Sorry for not blogging in a little while, lovely readers. I’ve been very lazy and — aside from writing the latest New Escapologist essay — have taken almost a month off. I highly recommended it.
We spent a couple of weeks holidaying in Montreal. It was good to be back in my second home and my wife’s first home. What can a young body do in such beautiful surroundings other than lounge on terasses and balconies and on the lush, green mountain? Very little is what.
We were there ostensibly for my brother- and sister-in-law’s wedding, which they had outdoors in the sunshine followed by a great party indoors with lots of good-quality booze. In fact, it was too much good-quality booze in my case, and I had to mysteriously absent myself from the family brunch the next day.
Later in our stay, we popped into the McCord Museum for an exhibition of original magic show posters. I expertly and repeatedly told my companions that this was the very site on which Houdini — the Master Escapologist, about whom I should know everything by now — took the punch to the guttywuts that would kill him a day later. Not only was I certain of it, I was also sure this fact would be the lynchpin of the whole exhibition. In the event, it was mentioned only at the very end of the show that Houdini was in fact walloped at the no-longer-extant Princess Theatre on St. Catherine Street. How could I have been so wrong? I hope my pub quiz team don’t hear of this or I’ll be ritually (and rightly) paddled for this failing in my special subject.
I was, at least, happy to see a pair of handcuffs used by the Master (labelled “Houdini’s handcuffs” as if he had a favourite pair – in fact he usually took regulation cuffs from local police officers) patented exactly a century before my birth. Cool.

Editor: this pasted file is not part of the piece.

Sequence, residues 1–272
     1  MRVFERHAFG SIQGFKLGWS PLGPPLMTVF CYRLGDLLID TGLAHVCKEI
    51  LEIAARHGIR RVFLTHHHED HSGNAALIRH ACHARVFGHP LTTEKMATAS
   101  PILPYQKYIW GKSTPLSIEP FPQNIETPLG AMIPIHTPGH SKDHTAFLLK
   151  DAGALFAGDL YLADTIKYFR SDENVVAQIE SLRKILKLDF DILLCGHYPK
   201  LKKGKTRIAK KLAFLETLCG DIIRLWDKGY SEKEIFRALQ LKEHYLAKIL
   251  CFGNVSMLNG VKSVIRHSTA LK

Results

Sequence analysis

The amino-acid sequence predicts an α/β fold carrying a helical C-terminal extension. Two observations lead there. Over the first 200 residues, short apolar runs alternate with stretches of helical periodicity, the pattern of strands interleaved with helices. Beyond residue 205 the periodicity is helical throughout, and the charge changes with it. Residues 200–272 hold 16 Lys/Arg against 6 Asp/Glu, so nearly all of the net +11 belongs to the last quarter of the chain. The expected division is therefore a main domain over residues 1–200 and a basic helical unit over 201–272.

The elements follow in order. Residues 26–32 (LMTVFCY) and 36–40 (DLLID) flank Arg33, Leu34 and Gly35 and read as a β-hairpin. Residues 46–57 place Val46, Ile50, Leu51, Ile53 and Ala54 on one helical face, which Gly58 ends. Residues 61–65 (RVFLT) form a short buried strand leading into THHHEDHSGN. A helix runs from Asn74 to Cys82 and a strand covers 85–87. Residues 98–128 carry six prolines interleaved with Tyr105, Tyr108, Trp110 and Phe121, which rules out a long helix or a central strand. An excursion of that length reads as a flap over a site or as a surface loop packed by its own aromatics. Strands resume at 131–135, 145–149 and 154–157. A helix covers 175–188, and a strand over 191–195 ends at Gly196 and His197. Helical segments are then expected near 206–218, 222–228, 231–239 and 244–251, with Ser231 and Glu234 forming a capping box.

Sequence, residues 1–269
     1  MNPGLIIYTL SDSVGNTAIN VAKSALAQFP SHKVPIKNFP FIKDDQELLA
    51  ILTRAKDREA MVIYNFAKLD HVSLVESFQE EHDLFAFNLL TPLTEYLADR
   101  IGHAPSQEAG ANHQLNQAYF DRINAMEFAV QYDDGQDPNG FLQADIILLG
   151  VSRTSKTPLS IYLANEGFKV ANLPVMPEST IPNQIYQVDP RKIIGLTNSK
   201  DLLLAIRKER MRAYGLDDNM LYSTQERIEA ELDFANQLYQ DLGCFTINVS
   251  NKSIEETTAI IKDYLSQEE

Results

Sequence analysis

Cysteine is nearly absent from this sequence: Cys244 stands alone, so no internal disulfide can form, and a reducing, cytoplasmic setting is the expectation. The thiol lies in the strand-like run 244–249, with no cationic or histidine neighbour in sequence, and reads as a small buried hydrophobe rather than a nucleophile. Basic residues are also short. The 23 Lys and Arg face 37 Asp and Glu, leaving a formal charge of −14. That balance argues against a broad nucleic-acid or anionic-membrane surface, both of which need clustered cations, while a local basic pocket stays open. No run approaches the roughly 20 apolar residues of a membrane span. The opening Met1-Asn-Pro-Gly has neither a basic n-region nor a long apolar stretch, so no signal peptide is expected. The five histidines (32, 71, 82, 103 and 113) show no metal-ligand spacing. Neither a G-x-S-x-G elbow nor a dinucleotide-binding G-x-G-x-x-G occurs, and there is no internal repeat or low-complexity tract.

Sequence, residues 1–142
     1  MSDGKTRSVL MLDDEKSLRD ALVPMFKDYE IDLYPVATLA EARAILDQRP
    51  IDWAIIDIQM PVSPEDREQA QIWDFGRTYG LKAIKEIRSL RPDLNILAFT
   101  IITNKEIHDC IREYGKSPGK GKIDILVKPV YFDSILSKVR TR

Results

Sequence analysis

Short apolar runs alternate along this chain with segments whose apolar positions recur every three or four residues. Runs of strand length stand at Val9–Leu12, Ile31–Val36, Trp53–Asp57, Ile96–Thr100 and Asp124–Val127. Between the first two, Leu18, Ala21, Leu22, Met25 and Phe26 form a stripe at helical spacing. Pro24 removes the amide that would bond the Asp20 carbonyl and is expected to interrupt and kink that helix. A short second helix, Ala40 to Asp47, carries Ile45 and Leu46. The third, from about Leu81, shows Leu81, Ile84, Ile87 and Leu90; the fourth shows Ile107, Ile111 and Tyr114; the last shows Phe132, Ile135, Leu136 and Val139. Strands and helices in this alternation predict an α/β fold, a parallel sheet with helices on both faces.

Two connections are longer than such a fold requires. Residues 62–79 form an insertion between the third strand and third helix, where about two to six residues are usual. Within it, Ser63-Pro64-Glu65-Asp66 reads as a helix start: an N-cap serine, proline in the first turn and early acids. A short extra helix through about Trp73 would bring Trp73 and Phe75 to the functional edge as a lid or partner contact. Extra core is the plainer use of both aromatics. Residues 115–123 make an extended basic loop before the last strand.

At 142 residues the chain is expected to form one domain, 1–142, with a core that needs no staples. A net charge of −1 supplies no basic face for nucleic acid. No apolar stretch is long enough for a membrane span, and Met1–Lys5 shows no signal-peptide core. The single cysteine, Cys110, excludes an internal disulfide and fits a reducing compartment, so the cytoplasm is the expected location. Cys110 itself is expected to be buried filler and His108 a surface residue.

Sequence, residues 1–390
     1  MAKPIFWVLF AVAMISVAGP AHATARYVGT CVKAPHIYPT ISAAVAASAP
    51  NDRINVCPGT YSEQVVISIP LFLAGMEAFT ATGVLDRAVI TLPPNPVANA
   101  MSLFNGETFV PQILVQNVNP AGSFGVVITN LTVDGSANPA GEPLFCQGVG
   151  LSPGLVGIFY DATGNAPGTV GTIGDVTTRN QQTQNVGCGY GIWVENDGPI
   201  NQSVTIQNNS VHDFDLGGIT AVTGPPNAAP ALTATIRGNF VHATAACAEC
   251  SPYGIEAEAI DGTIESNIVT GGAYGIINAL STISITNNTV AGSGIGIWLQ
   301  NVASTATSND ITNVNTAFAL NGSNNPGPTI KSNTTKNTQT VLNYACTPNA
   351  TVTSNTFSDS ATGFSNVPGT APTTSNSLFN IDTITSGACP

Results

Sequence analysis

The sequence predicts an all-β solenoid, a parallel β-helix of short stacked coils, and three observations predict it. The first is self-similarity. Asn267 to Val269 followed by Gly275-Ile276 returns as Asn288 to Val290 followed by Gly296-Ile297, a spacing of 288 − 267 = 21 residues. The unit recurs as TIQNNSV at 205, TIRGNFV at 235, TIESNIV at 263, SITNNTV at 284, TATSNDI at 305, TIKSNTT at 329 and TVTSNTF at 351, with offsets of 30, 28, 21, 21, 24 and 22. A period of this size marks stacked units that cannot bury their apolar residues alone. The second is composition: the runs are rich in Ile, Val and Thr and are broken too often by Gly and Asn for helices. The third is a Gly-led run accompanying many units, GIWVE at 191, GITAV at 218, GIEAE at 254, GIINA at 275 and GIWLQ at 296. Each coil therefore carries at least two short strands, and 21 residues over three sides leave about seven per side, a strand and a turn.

It was very good to be back in this dreamy little island city and I wondered why on earth we ever came back to grey old Scotland. But then I remembered the harsh Montreal winters and how I missed all my friends and how it’s useful to make money every now and then. Bugger.
No sooner were we home in Glasgow did we have to hop on a train to London so I could record one of those online courses for the Idler Academy. It was a nice day of recording in the lovely surroundings of a beagle-filled house on the Thames. As you can see, I worked really hard that day. I’ll let you all know when the course is available (because I’m contractually obliged to).
Also in London, we peeked in at the famous Cereal Killer hipster caff on Brick Lane (where, as we sat in the window, a man selling ice cream from a bicycle-and-cart tutted disdainfully at the absurd cereal restaurant before gaily shouting “ice cream!” from his bicycle seemingly oblivious to the irony) and visited the brilliant Queer British Art show at the Tate (where one of the lovelier paintings, it must be said, is on loan from Glasgow’s Kelvingrove Gallery and we can happily see it whenever we like) and took a pointless but long-anticipated legend-tripping pilgrimage to the actual site of the Enfield poltergeist haunting. Oh! And I was stupidly excited to see the Pesticles statue at Hammersmith.
Home now and fairly knackered. Another month off might beckon.
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